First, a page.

Weekend Recipes: Sweet & Spicy Burgers

I have found burger perfection. Compliments to my brother-in-law, the grill master, for handling the Webber.

Step 1: Season and grill the burgers (Dan used a steak rub that was primarily salt, pepper, and garlic, with a few additional spices).

Step 2: Toast onion buns over grill.

Step 3: The sauce (blend of ranch and BBQ sauce).

Step 4: The garnishments: diced pineapple (small chunks), chopped cilantro, iceberg and butter lettuce, thin sliced Walla-Walla sweet onions (preferably grilled), and crushed red pepper.

Step 5: Stack it all in whatever fashion you desire.

The only ingredient we missed last night were the onions (Bekah was so distracted by my request for cilantro that she forgot the onion). Even without the Walla-Walla sweets, the burger was sinfully delicious.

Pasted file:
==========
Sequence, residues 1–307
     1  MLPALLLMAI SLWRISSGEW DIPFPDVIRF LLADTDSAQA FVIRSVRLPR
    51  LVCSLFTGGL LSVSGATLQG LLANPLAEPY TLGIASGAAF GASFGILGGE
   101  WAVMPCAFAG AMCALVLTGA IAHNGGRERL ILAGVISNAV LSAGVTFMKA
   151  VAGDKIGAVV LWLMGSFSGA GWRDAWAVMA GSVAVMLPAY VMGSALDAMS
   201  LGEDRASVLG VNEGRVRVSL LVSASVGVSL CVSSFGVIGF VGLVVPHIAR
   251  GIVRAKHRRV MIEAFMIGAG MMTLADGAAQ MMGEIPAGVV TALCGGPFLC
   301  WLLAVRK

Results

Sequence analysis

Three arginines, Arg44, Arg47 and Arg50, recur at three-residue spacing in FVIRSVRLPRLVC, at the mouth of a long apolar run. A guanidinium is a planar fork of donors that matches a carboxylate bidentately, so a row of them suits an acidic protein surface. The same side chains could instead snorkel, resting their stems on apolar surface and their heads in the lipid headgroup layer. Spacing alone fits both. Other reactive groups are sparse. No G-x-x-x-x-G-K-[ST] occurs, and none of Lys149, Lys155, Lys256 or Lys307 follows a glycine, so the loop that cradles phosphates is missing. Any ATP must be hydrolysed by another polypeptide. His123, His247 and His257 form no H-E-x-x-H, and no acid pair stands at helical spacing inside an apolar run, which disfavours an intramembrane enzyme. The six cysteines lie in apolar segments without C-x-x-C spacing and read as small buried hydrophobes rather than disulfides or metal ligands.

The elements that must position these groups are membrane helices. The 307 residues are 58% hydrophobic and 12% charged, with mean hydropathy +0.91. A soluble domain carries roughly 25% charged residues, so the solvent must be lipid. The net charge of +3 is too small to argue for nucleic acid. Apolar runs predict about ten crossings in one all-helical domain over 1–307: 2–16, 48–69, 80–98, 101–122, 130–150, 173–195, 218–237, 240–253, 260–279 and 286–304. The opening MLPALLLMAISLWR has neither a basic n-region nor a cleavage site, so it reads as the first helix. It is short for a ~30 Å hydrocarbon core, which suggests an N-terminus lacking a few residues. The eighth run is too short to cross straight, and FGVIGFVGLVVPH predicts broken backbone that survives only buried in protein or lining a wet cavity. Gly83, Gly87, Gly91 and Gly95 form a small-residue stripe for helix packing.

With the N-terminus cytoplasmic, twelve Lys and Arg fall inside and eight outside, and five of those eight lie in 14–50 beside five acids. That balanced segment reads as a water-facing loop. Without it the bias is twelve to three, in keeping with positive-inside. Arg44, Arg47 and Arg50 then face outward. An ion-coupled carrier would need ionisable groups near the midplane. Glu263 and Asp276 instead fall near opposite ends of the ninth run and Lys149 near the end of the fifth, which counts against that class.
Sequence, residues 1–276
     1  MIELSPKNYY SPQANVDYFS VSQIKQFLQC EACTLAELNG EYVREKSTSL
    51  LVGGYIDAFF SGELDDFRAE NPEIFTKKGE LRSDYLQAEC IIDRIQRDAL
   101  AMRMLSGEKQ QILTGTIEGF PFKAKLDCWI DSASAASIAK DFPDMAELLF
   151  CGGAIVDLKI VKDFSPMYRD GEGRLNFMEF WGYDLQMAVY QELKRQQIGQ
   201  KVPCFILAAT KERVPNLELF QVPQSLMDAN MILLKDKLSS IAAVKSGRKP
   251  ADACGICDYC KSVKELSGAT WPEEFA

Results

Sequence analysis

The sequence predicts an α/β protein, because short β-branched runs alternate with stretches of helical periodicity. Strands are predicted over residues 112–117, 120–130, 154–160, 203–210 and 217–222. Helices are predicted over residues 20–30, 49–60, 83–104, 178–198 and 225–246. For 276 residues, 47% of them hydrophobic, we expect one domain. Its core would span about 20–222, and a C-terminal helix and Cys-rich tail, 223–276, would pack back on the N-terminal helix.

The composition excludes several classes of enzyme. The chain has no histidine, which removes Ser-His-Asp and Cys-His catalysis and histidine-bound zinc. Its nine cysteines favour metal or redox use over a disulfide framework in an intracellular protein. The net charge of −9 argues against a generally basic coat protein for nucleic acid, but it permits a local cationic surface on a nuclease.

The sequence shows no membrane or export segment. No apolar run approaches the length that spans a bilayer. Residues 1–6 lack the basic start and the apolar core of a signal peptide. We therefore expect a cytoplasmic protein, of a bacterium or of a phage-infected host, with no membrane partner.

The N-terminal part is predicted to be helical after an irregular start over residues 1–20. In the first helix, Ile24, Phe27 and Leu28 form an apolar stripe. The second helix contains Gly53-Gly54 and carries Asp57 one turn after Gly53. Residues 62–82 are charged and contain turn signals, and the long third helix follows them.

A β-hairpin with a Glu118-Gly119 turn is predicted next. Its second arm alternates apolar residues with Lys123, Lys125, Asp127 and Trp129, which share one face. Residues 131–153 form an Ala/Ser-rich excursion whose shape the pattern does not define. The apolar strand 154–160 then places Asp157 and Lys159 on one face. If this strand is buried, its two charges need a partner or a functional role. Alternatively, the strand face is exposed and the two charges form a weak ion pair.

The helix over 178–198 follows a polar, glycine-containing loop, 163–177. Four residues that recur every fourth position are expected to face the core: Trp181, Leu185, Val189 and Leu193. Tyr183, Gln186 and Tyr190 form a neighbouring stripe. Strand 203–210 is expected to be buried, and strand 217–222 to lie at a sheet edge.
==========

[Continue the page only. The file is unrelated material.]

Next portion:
p.s. Cilantro is my new favorite herb.


Five for Friday

The GOP has been holding their Idaho Republican State Convention today. Most of the reports I've seen from the convention are about deciding what their platforms are going to be in this upcoming campaign season. In the midst of the ongoing economic crisis causing severe budget cutbacks in education and social services, important issues ranging from maintaining the State's infrastructure, to cleaning our lakes and rivers, and supporting drug/alcohol prevention and rehabilitation, I'm bewildered that the GOP has not raised any measures concerning these issues.

This morning, Governor Butch Otter told the delegation that the convention is where "magic" happens. He also rambled about the evils of big government. Here are five magical resolutions approved by the state's GOP committee.*